by David Chipperfield
Artemis London Limited, 1994
Hardcover | 6 x 8-1/4 inches | 191 pages | English | ISBN: 9783760884233 | $45.00
FROM THE FLAPS:
"As architects we are privileged to work with the physical world — with materials, brick, stone, wood, glass, metal, with forms and with light. We do not deal in speculation about or observation of the physical world but with the very stuff itself. Poets, painters and politicians should be jealous of our advantage."
In this book, David Chipperfield sets out a theory of design that rejects centralised ideologies and acknowledges the importance of both intuition and intellect. For Chipperfield, all design is an intellectual craft, involving the reconciliation of ideas as well as responding to the influence of process and materials. Images from built projects reinforce his themes while the central body of the book emphasises the experimentation carried out in projects for buildings in England, Japan, and Germany.
Theoretical Practice is an important contribution to architectural theory, the exploration by an internationally recognised architect of the ideas and attitudes that lie behind the production of authentic architecture.
David Chipperfield trained at the Architectural Association in London and worked for Douglas Stephen, Richard Rogers and Foster Associates. ... David Chipperfield Architects was established in 1985 and has since carried out work in various European countries, the USA and Japan. ... A Tokyo office was opened in 1987.
A few days ago I featured a new book devoted to David Chipperfield's Inagawa Cemetery Chapel and Visitor Centre, a building in earthen, red-colored concrete nestled in the steep hillside of the Hokusetsu Mountain Range in Japan. Reading the book brought to mind early projects by Chipperfield, many of which were located in Japan. In the review I mentioned the Seibu Department Store in Tokyo and shops for Issey Miyake while also honing in on the Toyota Auto Kyoto building, one of the few buildings in Japan around that time (ca. 1990) that is on the website of David Chipperfield Architects. I learned about these projects through Theoretical Practice, a monograph and theoretical treatise by Chipperfield that was given to me by a friend not long after it came out in 1994. All these years later the book is a very difficult one to find (one copy on Amazon is asking more than $1,200!) and, for some reason, it is not to be found in the list of publications on the architect's website, similar to the Japan projects that were so important in the early years of his practice.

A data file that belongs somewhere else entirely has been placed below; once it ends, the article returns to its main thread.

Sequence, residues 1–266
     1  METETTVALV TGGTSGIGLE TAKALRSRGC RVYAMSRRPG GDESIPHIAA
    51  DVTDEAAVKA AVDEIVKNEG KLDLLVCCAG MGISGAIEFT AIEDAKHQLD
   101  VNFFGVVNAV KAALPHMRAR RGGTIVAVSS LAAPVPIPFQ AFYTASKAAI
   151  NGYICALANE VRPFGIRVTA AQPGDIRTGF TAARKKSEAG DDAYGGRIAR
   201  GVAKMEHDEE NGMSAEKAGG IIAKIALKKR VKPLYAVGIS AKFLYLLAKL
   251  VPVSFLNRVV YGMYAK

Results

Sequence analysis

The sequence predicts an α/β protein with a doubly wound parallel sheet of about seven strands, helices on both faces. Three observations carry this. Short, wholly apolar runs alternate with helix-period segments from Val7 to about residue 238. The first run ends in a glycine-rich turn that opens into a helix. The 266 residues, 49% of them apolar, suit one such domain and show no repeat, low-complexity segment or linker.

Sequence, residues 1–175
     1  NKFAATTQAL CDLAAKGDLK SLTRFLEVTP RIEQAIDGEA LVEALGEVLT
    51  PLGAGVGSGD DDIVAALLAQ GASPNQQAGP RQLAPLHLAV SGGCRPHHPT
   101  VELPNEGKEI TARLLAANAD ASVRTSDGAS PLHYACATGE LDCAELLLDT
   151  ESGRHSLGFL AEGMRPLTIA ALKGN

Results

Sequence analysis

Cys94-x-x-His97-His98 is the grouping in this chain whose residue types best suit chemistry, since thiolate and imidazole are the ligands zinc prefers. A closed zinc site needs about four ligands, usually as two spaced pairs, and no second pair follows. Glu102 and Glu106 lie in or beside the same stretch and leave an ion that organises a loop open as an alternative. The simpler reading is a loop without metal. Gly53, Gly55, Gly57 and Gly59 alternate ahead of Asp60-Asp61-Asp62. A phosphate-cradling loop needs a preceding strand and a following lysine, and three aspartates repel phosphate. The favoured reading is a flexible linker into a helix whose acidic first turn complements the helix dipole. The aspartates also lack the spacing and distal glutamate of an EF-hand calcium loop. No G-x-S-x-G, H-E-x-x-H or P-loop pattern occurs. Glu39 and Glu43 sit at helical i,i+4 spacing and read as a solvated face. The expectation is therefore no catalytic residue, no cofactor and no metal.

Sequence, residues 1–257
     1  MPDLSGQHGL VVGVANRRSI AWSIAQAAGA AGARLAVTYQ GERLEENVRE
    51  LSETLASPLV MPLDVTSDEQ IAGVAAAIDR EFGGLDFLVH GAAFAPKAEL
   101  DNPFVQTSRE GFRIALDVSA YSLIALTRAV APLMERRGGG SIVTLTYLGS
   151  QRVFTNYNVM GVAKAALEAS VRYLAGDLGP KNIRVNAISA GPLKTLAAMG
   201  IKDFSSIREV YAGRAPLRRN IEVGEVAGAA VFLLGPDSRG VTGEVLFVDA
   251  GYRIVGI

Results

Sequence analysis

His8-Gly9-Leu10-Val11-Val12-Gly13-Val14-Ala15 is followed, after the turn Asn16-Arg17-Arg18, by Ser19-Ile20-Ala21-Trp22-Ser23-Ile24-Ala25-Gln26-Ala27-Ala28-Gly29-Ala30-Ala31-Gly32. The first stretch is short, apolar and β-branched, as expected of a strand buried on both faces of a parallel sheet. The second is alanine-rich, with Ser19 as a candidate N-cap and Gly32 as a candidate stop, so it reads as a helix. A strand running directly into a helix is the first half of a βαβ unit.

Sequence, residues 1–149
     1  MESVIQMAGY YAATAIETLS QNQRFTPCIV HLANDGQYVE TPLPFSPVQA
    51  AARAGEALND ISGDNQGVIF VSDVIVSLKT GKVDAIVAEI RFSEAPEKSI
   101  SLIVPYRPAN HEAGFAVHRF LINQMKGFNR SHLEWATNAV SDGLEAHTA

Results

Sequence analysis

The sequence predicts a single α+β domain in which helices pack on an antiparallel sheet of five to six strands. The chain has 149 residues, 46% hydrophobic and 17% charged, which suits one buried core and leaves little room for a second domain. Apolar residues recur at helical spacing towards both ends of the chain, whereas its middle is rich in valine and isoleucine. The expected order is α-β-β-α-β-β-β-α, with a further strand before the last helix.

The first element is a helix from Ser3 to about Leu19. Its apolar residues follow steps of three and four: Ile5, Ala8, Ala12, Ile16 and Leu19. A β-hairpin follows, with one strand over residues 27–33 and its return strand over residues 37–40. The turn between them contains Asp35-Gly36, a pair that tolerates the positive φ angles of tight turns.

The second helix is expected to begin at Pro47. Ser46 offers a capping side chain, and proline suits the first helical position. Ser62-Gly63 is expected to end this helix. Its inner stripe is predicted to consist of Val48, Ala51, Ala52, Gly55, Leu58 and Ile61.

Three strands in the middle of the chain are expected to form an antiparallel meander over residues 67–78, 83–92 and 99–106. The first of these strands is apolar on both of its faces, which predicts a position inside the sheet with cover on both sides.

At the time of this small book's publication, the then "internationally recognized architect" had built primarily those smallish projects in Japan mentioned above. Instead of using the monograph as an opportunity to showcase that work, he split the book into two halves, echoed in the book's title: a theoretical first half and a second half focused on unbuilt and in-progress projects. Photos of the Japanese projects are found interspersed within the first half (first two spreads, below), where Chipperfield's theories are organized into "The position of ideology," "The physical world," and "Practical theories." The second half documents designs "[not] for buildings before they are built, but rather explorations of ideas suspended for an artificially long period without being enriched, confused or compromised by that final process that turns project into building."
Nevertheless, a couple of the projects in the second half of the book did get built: River and Rowing Museum in Henley-on-Thames, completed in 1997, and the Neues Museum in Berlin, which would occupy his practice for a decade and a half. Early designs for these two projects are accompanied by projects that remained on the shelf — or, like some of the Japan projects and this book, at least are not be found on the architect's online archive of projects. Like Chipperfield's buildings and demeanor, this early monograph is modest, prioritizing intuition and intellect over ideology and formulaic design. All these years later, these roots are still evident, even as Chipperfield's success warrants larger monographs and much larger projects, the Inagawa Cemetery Chapel and Visitor Centre notwithstanding.